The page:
There is an article in the Guardian newspaper which discusses Lean and once again they don’t get it. I quote:
Radnor recalls a housing director who was approached by two employees who claimed they needed another team member because they were unable to manage their current workload of dealing with complaints about unfinished repairs.
After examining their current processes, a barrier to flow was identified. It was found complaints couldn’t be logged properly because not all the required data was in place and that the team spent the majority of its time going back to retrieve missing information. It was suggested the form used to log complaints was redesigned.
Wrong. If they were unable to manage the workflow of dealing with complaints, then management need to change the system that produces the complaints to produce fewer complaints, with the goal (not the target, the goal) of producing none. That is Lean.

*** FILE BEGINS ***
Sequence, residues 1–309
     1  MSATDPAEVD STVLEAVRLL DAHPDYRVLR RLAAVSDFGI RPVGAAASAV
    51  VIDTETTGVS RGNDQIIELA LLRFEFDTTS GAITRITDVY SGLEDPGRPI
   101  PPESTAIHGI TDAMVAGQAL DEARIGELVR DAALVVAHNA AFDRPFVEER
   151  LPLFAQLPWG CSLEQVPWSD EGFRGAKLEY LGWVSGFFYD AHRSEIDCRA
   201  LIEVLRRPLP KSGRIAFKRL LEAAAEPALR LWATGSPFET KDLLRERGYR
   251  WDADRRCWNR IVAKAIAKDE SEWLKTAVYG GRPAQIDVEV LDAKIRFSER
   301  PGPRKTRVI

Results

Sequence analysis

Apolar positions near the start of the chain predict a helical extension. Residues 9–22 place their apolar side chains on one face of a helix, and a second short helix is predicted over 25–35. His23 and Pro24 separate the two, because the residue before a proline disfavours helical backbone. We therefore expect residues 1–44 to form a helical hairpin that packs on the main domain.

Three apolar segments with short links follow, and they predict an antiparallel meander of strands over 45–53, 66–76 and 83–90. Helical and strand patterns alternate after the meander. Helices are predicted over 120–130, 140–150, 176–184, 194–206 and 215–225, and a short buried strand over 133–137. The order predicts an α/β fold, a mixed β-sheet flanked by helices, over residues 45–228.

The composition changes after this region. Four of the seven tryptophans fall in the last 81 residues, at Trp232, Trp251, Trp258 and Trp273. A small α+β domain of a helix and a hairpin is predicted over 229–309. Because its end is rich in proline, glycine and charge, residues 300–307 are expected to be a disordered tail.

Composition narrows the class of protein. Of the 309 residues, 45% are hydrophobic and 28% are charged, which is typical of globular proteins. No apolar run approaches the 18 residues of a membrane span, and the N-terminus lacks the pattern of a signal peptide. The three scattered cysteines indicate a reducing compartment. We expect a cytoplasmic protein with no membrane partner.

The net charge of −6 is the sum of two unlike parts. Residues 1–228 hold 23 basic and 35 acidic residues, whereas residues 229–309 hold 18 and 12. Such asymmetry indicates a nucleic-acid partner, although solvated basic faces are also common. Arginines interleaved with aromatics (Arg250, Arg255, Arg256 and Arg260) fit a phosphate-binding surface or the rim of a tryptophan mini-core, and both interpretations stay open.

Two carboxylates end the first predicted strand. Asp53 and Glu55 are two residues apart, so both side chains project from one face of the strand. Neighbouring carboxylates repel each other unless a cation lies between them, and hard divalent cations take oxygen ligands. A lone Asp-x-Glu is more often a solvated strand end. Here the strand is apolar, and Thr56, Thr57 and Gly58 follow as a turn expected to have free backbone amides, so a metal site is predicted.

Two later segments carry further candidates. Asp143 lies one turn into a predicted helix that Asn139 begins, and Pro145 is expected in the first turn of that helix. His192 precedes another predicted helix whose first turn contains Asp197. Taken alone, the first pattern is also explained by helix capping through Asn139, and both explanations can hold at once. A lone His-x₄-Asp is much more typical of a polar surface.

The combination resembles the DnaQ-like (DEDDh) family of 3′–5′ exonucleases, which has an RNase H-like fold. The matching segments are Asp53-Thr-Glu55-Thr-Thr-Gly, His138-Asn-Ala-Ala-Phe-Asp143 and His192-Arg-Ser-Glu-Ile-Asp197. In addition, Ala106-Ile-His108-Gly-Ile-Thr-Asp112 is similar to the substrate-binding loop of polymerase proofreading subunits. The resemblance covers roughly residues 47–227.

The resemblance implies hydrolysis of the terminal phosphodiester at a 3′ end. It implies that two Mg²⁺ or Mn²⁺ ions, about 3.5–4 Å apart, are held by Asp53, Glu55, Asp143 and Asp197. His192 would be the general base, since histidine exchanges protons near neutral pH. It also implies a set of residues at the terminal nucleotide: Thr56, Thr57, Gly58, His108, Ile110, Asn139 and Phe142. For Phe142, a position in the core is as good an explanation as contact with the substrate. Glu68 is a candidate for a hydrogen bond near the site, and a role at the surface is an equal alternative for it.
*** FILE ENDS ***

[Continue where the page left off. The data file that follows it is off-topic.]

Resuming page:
We must not be deluded and mistake making current processes more efficient with changing the system as a whole to more efficiently serve the customer. The difference in wording is slight, but the outlook is very different and the results wildly so.
It does say a little later in the article:
While the customer is very much the focus of Lean […]
So maybe they do get it, I don’t know, but they must have loads of examples to choose from and they picked one that shows that they probably don’t.